Osso Buco

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Italian osso buco, made with veal shanks, carrots, onion, celery, garlic, pancetta, and gremolata with parsley, lemon zest, and garlic.

Photography Credit: Elise Bauer

I’ve made osso buco, an Italian dish of braised veal shanks, several times. I’ve eaten it in fine Italian restaurants but I’ve never really liked it until now.

This is a great recipe that my father pulled from the web a few years ago which uses pancetta, instead of olive oil, for the browning of the veal and cooking the vegetables.

Olive oil is the traditional method, so if you want to skip the pancetta, just substitute several tablespoons of olive oil.

But the pancetta adds a lovely flavor dimension, and is probably the secret ingredient that has me liking osso buco for the first time. So use it if you can.

“Osso Buco” means “hole of bone” because this marrow provides the rich flavor to the sauce. A marrow spoon, one of those long skinny spoons found in old sterling silverware sets, would come in handy with this dish, as the succulent shank marrow can be tricky to extract (I used the skinny end of a teaspoon).

The gremolata (parsley, lemon zest and garlic) is an important garnish for this dish, don’t skip.

Osso Buco Recipe

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  • Yield: Serves 4 to 6

Ingredients

  • 1/4 pound pancetta, diced 1/4 inch cubes (do not substitute bacon)
  • 2-1/2 to 3 pounds veal shanks (4 to 6 pieces 2-3 inches thick)
  • 1/2 cup diced carrot (1/4 inch cubes)
  • 1/2 cup diced celery (1/4 inch cubes)
  • 1 medium onion, diced 1/4 inch pieces
  • 2 Tbsp (about 4 cloves) chopped garlic
  • 3-4 sprigs fresh thyme (or 1 tsp. dried)
  • 1 cup dry white wine
  • 1-2 cups chicken or veal stock
  • Flour for dusting the meat before browning
  • Salt and Pepper

Gremolata

  • 2 Tbsp Minced flat (Italian) parsley
  • 1 Tbsp grated lemon zest
  • 2 cloves garlic, crushed and minced

Method

1 Preheat oven to 325°F.

2 Brown the pancetta: Heat a dutch oven on the stove top over medium heat for about five minutes. Add pancetta to pan, cook, stirring occasionally.

When the pancetta is crispy and most of the fat has rendered (about 5 minutes of cooking), remove the pancetta to a plate covered with some paper towel and set aside.

If necessary, drain off all but two tablespoons of the fat from the pan.

3 Dredge shanks in flour, brown in pan: Season the veal shank well with salt and pepper. Dredge the veal shanks through some flour, shake off any excess, and add the meat to the hot fat in the pan.

Increase the heat to medium high and cook the meat on each side until well browned (about 5 minutes per side). Remove the shanks to a plate, set aside.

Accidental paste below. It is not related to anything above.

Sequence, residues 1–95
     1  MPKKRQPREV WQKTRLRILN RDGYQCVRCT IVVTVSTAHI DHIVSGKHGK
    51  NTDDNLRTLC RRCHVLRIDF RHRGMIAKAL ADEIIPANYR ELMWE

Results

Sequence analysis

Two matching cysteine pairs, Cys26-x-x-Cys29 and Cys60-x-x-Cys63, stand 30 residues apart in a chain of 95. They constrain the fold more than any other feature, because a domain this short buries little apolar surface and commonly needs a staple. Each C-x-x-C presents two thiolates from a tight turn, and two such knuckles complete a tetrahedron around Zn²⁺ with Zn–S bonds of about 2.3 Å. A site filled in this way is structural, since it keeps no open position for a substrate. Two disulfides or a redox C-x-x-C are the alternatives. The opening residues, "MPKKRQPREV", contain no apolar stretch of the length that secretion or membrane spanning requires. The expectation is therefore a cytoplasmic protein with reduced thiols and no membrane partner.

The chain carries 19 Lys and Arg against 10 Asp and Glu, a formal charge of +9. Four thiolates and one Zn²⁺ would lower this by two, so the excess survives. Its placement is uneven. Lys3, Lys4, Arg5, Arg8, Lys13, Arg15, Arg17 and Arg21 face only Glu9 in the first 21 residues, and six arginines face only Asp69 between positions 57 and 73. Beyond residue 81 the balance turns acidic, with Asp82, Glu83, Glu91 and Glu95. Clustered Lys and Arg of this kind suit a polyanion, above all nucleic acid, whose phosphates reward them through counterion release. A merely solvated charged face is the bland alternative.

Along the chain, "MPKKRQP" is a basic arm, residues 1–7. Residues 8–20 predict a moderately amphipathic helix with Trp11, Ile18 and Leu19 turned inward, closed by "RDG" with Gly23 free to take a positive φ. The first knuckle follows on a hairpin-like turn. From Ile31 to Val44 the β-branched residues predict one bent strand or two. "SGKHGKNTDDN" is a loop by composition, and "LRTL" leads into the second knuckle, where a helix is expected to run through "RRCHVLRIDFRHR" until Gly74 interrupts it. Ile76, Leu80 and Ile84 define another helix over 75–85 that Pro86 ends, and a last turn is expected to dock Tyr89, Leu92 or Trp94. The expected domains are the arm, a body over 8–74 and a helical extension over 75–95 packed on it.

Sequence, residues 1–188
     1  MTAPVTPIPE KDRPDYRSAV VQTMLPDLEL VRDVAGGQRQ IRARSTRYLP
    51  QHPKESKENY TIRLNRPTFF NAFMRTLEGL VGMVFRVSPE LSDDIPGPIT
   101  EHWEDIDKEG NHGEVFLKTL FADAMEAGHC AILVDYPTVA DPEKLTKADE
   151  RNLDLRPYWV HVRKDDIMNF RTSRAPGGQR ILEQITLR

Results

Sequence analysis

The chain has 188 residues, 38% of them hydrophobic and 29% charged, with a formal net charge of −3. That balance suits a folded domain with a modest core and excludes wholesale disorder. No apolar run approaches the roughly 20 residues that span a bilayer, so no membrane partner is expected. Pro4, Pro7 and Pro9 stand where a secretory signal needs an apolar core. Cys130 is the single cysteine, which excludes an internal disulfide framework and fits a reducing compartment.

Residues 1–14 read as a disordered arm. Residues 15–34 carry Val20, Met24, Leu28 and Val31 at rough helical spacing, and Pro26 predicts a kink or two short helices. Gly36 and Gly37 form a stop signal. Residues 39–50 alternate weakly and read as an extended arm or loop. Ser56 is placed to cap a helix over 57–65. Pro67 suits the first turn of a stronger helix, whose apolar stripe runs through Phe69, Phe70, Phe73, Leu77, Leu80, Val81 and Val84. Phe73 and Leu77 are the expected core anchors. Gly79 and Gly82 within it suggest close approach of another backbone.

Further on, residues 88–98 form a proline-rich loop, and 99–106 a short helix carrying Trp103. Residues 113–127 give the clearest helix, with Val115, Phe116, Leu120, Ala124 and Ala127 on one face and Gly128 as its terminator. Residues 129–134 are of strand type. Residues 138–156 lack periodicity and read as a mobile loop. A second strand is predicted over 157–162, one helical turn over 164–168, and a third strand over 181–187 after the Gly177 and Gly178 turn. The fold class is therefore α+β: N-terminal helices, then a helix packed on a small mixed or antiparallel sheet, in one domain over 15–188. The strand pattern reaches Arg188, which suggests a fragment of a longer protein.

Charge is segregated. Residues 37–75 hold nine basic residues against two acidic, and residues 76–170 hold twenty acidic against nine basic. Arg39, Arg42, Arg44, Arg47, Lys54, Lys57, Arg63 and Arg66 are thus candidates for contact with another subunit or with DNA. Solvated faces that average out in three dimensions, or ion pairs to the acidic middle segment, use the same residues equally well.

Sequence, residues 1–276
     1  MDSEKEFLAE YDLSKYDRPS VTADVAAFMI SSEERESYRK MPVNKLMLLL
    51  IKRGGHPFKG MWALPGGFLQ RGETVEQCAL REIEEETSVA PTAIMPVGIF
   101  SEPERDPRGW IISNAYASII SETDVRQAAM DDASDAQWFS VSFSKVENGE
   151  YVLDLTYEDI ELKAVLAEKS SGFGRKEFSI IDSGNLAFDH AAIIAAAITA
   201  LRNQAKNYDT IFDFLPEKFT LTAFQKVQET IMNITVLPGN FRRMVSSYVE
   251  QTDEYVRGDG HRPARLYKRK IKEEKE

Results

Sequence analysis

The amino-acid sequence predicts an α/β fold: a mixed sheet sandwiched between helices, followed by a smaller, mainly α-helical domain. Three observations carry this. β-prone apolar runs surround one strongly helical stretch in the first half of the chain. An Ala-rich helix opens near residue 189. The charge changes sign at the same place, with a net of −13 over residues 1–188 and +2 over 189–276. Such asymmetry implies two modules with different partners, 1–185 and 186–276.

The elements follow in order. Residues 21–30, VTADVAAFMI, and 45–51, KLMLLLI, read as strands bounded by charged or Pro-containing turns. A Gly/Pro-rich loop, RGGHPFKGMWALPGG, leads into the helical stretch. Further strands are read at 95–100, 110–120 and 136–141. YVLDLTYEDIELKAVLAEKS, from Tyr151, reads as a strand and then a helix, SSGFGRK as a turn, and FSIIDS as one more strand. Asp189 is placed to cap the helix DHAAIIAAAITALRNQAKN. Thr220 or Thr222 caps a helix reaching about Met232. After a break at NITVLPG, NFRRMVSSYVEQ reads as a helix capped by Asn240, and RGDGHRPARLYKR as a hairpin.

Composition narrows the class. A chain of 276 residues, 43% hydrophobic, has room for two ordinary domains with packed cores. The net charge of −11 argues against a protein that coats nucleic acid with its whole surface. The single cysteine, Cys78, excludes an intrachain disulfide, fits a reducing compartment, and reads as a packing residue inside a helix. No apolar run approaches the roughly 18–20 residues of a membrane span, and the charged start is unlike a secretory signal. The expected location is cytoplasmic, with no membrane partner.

4 Sauté onions, carrots, celery: Add the onions, carrots, and celery to the dutch oven. Cook the onion mixture, stirring frequently, until the onions are translucent (about five minutes) and toss in the garlic and thyme.

Continue cooking until the vegetables just begin to brown (about 10 minutes).

5 Return shanks to pan, add wine and stock: Add the shanks and the pancetta back to the pan. Pour in the wine, and then add enough stock to come a little more than half way up the side of the shanks.

Bring to a simmer. Cover the pan and put it in the oven to cook until the meat is tender, about an hour to an hour and a half.

6 Make gremolata: Combine the gremolata ingredients, place in a separate small serving dish.

Serve on top of risotto or polenta. Sprinkle with gremolata.

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Showing 4 of 23 Comments

  • Henry

    Terrific. My girls loved it, save the lemon shavings (kids!)

  • Peter O'Donnell

    The recipe intro mentions the marrow, and the need for a marrow spoon to get at it, but then doesn’t say any more about how or when to incorporate it in the sauce.

    Am I missing something obvious here?

  • Elise

    Hi Peter – During cooking, some of the marrow in the bones will make its way into the sauce, and some of the marrow will stay in the bones either to be forgotten or ignored, or retrieved somehow.

  • karl roth

    Just a bit of trivia – I’ve heard tell that in Italy they have a nickname for the spoon used to get the marrow out – it’s called “the tax collecter”.
    Great foodblog site !

  • Veron

    I just made mine almost the same time you did! I did mine with lamb shanks though. I want to try it with Garlic next time.

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